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Wendling Quarries Banks on Drone-Based Aerial Intelligence


Drone-based aerial intelligence solution provider Kespry announced Wendling Quarries, a subsidiary of Manatts Inc., is using Kespry throughout its aggregates operations to ensure inventory accuracy and reserves, so it can meet its customer needs precisely and predictably. 

Wendling Quarries' operations include 13 counties throughout eastern Iowa and western Illinois. The family-owned business operates approximately 40 quarries, 11 sandpits, seven crushing plants, and eight wash plants in its service area. The company is focused on the production of crushed stone, sand, gravel, and asphalt mix, and processing of recycled concrete and asphalt.

"I hated the whole process of inventory," said Tony Manatt, owner and president, Wendling Quarries. "It was always inaccurate, and it was always an issue to put together a team that would take care of inventory. In a couple days of surveying, we would need to measure anywhere from 100 to 200 irregular, frozen, snow-covered piles. It couldn't be done. I'm the guy that climbed those frozen stockpiles. I'm the guy that stood out on that ledge to try to hold a pole while somebody surveyed it. Bringing that much old survey information together and calculating it turned into a daunting task. I was ready for a better way."

Prior to using Kespry, Wendling Quarries used LIDAR technology with a gyrocopter, or rented planes to fly over quarries to provide rough inventory estimates. But accuracy was difficult, and the company realized that incorrect estimates were making a big difference in year-end profits.

"We chose Kespry for the ease of use and to have our data in the cloud," said Manatt. "With frequent technology changes, I loved the fact that we'd lease and get technology updates along with the use of the drone for surveying. I liked the ability to upgrade through a lease. I liked the simplicity of flying it and downloading data the same day, and that it is iPad-based with no joystick. And especially that I didn't have only one guy who was the only guy to know how to fly it. I want the numbers. I just want accuracy and I want it now, no matter who's sick today."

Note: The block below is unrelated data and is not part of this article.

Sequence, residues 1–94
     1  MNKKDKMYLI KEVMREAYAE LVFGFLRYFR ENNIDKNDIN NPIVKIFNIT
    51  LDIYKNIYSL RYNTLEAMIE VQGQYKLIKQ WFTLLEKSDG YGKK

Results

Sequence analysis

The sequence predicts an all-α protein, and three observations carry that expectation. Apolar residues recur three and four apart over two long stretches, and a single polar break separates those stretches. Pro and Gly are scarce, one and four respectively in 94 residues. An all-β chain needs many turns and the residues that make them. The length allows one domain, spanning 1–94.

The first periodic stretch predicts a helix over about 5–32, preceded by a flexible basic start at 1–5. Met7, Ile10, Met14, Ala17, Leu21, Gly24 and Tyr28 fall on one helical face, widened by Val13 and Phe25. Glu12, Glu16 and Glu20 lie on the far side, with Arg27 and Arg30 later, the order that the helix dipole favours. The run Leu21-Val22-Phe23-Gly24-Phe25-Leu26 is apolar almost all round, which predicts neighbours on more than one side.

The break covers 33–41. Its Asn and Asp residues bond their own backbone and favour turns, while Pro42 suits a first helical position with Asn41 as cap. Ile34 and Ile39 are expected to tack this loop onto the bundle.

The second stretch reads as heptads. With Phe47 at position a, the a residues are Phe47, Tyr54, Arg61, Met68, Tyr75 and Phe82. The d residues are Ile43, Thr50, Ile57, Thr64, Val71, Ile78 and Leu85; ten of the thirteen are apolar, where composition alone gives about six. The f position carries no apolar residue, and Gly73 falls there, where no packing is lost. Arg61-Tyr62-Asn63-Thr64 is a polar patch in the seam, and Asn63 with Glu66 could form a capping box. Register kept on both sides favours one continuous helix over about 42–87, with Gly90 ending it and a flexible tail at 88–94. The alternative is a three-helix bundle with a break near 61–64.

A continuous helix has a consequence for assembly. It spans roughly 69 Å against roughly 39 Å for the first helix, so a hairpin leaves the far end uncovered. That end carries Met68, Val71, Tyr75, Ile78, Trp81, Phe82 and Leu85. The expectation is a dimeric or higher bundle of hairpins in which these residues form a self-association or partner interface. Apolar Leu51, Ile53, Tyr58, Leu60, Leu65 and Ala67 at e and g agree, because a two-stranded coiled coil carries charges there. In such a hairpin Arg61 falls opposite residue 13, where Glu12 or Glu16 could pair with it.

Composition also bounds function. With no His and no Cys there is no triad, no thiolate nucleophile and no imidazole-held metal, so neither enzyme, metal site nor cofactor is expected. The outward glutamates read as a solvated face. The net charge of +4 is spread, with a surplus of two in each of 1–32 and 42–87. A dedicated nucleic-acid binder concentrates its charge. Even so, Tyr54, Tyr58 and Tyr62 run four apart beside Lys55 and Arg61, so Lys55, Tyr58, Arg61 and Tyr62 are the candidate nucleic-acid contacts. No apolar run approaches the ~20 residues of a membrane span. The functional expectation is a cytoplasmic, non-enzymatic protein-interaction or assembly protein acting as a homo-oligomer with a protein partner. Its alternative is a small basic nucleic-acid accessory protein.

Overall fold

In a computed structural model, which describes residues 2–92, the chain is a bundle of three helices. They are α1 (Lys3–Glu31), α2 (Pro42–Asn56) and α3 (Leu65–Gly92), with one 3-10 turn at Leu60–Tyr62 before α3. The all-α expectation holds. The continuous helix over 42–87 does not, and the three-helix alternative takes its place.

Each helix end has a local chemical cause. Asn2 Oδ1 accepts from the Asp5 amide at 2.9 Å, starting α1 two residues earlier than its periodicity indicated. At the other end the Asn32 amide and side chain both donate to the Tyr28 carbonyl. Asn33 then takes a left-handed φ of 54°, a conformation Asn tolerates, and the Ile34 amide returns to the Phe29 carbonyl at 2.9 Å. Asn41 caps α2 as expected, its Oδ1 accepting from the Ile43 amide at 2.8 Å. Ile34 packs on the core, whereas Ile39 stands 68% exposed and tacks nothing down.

"We created Kespry's inventory management capabilities specifically for companies like Wendling Quarries that require exacting precision when it comes to measuring and managing the material that ultimately is the lifeblood of their business," said Paul Ross, vice-president of marketing, Kespry. "Our goal is to give people like Tony a way to improve the profitability of their business with a drone solution that is dramatically more accurate, more cost-effective, and safer than what they used before."

Wendling Quarries uses Kespry across its entire cycle from pre-production to post-production. It also uses Kespry for reclamation surveying when it closes quarries, so it understands what it has to do to meet bonding requirements and restore the quarry after mining.

"Instead of sending a survey crew out to understand how much reserve we have in the bottom stone ledge at a quarry, we'll use the drone," said  Manatt. "We use it on the planning side to know inventory of bank tons available. Our quarry development team can come to a meeting, pull up some survey work and know if we've got the ledge available to meet the salespeople's needs."

With Kespry, Wendling Quarries is performing inventory management much more frequently than it has before.

"Before, when we were using just a stick, and we had to climb to the top of those piles, we wouldn't do our inventories nearly as often," said Dylan Daehn, engineer, Wendling Quarries. "Now, we can go out and fly over all our quarries once a month or once every other month. We used to only maybe do it once a year. I can survey a 100-plus acre site in less than an hour, and I've got all this data that is accurate down to a couple centimeters."

Enhancing worker safety is another key benefit Wendling Quarries is enjoying since deploying Kespry.

"To me, one of the things that really sold me on this Kespry system is the safety aspect, because I was also one of those people climbing the piles and walking around," said Rob Manatt, project manager, Wendling Quarries. "That could be a very dangerous task. Piles might cave off, or if you slip and fall down a 40-ft. pile, that's not going to be good for anybody. Eliminating that safety hazard was huge in terms of what Kespry has provided."

To learn more, visit www.kespry.com/mining.